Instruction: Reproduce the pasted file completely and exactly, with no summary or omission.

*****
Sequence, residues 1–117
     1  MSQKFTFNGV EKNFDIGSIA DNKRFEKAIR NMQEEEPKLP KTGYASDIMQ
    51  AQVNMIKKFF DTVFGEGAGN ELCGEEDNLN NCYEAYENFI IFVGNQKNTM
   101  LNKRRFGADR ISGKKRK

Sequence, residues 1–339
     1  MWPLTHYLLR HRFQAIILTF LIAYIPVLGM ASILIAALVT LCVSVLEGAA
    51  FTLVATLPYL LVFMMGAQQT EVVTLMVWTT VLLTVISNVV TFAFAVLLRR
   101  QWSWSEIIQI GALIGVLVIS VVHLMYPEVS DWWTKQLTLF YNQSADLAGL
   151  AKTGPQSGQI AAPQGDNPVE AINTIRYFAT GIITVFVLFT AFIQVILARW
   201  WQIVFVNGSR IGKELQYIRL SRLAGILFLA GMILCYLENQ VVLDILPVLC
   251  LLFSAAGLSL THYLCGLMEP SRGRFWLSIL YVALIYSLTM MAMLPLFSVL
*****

Sequence, residues 1–117
     1  MSQKFTFNGV EKNFDIGSIA DNKRFEKAIR NMQEEEPKLP KTGYASDIMQ
    51  AQVNMIKKFF DTVFGEGAGN ELCGEEDNLN NCYEAYENFI IFVGNQKNTM
   101  LNKRRFGADR ISGKKRK

Sequence, residues 1–339
     1  MWPLTHYLLR HRFQAIILTF LIAYIPVLGM ASILIAALVT LCVSVLEGAA
    51  FTLVATLPYL LVFMMGAQQT EVVTLMVWTT VLLTVISNVV TFAFAVLLRR
   101  QWSWSEIIQI GALIGVLVIS VVHLMYPEVS DWWTKQLTLF YNQSADLAGL
   151  AKTGPQSGQI AAPQGDNPVE AINTIRYFAT GIITVFVLFT AFIQVILARW
   201  WQIVFVNGSR IGKELQYIRL SRLAGILFLA GMILCYLENQ VVLDILPVLC
   251  LLFSAAGLSL THYLCGLMEP SRGRFWLSIL YVALIYSLTM MAMLPLFSVL